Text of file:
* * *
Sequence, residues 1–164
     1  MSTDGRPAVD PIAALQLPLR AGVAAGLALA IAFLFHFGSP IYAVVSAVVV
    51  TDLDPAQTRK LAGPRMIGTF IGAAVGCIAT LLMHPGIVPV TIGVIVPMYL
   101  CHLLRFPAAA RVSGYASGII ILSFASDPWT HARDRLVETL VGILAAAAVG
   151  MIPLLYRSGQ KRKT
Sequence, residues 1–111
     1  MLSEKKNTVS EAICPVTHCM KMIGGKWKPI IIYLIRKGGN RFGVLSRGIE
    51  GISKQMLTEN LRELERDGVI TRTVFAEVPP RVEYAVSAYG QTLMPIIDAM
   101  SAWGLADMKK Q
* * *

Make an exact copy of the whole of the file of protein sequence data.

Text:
Sequence, residues 1–164
     1  MSTDGRPAVD PIAALQLPLR AGVAAGLALA IAFLFHFGSP IYAVVSAVVV
    51  TDLDPAQTRK LAGPRMIGTF IGAAVGCIAT LLMHPGIVPV TIGVIVPMYL
   101  CHLLRFPAAA RVSGYASGII ILSFASDPWT HARDRLVETL VGILAAAAVG
   151  MIPLLYRSGQ KRKT
Sequence, residues 1–111
     1  MLSEKKNTVS EAICPVTHCM KMIGGKWKPI IIYLIRKGGN RFGVLSRGIE
    51  GISKQMLTEN LRELERDGVI TRTVFAEVPP RVEYAVSAYG QTLMPIIDAM
   101  SAWGLADMKK Q